Hockey and family ties that bind
Life lessons from Dad, the rink
This past weekend Ryan Johnson acted as guest editor for The Province newspaper's monthly supplement. In addition to assisting with story ideas he also wrote the following column.
Here's the story . . .
For a kid growing up in Thunder Bay, Ont., my upbringing was what one might expect. Being one of four children — three boys and a girl — more hours were spent weekly being carted between hockey arenas in our family station wagon than were spent in the comfort of our own home.
What at the time seemed completely normal now seems like an incredible test of patience and sacrifice that my parents endured. Never mind the expense of four children playing and practicing nightly, but trying to manage meals, homework and everyday life must have felt like a neverending race. So, fittingly, it was through the great Canadian pastime that many of our morals, values and lessons were taught to us.
My father Jim, a lawyer by trade, was a passionate hockey fan from a young age. He played at the university level, but found his true calling in not just coaching, but building programs and arenas that would help change the lives of Thunder Bay kids for decades to come.
The Thunder Bay Minor Hockey Program, Lakehead University Thunderwolves, and the Thunder Bay Tournament Centre were just a few of his accomplishments that stemmed from his passion for the sport and what it could do for the people of our city. But it wasn’t about how good of a hockey player one could become, it was how good of a person one could become through the game of hockey.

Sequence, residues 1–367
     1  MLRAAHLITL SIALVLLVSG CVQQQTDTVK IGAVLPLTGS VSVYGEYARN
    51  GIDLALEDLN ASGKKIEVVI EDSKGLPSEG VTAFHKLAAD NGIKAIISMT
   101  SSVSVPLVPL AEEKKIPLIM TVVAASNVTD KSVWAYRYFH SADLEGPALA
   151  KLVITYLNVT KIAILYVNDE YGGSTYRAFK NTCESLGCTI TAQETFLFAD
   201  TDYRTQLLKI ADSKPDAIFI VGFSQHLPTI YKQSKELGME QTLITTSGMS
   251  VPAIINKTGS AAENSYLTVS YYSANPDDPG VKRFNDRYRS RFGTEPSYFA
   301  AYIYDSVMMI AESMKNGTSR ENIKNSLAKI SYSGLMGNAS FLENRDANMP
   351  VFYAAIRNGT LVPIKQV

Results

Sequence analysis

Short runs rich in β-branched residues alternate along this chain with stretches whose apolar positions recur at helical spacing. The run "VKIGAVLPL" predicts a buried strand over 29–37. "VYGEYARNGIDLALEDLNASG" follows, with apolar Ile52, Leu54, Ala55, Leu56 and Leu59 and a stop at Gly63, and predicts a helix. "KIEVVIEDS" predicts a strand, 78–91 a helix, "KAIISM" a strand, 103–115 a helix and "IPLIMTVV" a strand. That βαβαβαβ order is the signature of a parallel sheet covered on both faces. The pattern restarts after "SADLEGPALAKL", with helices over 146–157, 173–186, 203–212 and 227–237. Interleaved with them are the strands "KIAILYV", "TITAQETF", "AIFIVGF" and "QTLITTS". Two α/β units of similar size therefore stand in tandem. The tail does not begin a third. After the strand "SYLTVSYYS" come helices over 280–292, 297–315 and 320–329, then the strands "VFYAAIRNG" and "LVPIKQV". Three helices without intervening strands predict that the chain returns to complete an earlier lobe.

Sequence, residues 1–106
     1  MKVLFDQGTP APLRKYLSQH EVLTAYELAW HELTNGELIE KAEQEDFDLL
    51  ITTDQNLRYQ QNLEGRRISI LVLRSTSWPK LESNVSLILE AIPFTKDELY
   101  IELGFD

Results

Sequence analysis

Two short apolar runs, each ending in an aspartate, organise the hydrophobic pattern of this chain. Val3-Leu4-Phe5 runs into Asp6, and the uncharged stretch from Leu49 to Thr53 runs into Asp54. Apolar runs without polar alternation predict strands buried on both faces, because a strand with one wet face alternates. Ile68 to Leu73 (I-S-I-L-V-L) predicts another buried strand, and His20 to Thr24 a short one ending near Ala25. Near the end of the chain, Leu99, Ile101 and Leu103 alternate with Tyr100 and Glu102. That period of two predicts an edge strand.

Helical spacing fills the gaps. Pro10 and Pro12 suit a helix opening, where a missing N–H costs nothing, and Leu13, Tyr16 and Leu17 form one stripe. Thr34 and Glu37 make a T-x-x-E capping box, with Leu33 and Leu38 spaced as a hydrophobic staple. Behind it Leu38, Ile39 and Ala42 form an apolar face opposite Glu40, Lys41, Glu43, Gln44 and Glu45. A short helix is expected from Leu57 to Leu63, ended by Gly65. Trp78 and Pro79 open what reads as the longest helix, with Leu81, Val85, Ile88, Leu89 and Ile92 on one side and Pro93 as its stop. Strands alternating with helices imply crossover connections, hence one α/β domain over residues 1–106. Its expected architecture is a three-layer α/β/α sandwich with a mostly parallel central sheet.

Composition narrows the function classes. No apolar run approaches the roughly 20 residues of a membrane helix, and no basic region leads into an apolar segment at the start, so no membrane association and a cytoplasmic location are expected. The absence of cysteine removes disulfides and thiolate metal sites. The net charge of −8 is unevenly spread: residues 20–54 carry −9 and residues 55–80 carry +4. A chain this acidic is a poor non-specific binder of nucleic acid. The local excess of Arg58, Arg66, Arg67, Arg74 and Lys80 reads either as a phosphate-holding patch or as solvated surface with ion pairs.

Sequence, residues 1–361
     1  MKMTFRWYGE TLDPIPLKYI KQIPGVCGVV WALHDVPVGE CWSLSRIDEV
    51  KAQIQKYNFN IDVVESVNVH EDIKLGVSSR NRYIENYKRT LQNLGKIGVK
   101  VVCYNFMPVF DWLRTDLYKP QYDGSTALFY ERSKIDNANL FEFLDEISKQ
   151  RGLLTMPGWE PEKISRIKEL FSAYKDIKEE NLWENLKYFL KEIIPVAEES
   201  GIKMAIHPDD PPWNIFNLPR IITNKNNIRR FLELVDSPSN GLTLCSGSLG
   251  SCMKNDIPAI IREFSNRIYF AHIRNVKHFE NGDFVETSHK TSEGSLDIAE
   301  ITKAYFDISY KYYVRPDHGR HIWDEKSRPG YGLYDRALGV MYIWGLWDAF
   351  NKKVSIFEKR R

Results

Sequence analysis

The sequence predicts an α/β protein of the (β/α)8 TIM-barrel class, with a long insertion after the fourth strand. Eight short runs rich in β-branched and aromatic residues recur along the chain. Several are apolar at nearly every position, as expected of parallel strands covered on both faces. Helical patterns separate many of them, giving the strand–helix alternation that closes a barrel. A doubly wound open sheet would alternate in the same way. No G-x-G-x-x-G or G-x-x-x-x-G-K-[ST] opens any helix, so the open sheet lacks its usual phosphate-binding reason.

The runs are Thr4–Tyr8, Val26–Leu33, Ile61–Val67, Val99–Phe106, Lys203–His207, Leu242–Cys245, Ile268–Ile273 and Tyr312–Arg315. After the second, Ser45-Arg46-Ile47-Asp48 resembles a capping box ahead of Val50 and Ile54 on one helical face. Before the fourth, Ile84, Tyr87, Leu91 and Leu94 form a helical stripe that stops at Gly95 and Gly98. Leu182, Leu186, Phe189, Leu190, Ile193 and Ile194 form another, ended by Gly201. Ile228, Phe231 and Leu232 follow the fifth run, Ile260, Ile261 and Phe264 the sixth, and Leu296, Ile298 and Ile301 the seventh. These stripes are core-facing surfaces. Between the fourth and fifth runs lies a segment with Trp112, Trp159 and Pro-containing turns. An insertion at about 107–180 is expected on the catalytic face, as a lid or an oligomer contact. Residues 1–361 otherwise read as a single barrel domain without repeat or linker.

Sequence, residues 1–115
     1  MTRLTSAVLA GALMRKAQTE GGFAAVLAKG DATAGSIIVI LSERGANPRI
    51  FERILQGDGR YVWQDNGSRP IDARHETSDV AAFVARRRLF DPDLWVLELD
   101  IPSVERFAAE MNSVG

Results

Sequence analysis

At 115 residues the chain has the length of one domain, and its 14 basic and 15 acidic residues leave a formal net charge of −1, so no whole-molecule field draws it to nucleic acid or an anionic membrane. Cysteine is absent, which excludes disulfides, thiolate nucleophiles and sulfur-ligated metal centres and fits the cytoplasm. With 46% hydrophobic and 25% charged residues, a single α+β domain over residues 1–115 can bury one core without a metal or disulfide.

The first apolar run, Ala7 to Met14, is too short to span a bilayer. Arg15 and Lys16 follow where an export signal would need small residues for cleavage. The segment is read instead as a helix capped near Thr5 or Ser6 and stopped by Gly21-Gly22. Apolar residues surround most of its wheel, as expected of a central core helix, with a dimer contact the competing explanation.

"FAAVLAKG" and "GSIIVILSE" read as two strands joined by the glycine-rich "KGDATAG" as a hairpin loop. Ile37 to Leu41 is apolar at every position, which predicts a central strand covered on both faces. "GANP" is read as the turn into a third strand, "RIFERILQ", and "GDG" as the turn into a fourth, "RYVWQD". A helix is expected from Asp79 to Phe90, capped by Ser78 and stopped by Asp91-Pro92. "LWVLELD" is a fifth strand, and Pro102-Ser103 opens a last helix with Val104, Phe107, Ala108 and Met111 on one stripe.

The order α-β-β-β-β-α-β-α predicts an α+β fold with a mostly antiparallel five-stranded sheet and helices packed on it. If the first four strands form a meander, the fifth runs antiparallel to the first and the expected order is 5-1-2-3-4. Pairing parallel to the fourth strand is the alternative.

My Dad and I were very different people, yet very much the same. Where he enjoyed discussing politics, I enjoyed talking horses. Where he liked to build with a hammer and nails, I wanted to create with a guitar. But through our differences, there was always respect, and the courtesy to listen and learn about each other’s loves.
Thankfully, hockey brought us a common ground that we could watch, play and discuss for days at a time. From the earliest of memories, along with family and friends, it was the one constant for us. I loved the afternoons of games on the outdoor rink in the backyard with my brothers and friends, but dreaded the evenings of skating figure eights around the garbage cans. I longed for the games at the community centre with the older kids, but wondered why I was stickhandling around pylons after the game.
As I got older, I slowly started to come to some realizations. Every discussion we had on the hockey rink had nothing at all to do with the game itself. Hockey was just the canvas that my father used that could pertain to all areas of life in general.
I can’t explain how lucky I am to be able to say that my mentor, leader and best friend just happened to be my father. After battling cancer courageously, he passed away on June 7, 2008. Not a day goes by that I don’t reflect on or refer to his guidance, and amazingly still find myself digesting or understanding new lessons from years ago. I can only hope that in sharing a few of these, you are able to relate to them in your own way with your father/mother or son/daughter.
After being drafted in the second round by the Florida Panthers as a 17-year-old, my focus was quickly directed on what I could accomplish, the opportunity I had just been given, and not on what being drafted entitled me to. Throw in the fact that I was poised to leave home for the first time to become a freshman at the University of North Dakota, and obviously there was a lot running through my mind.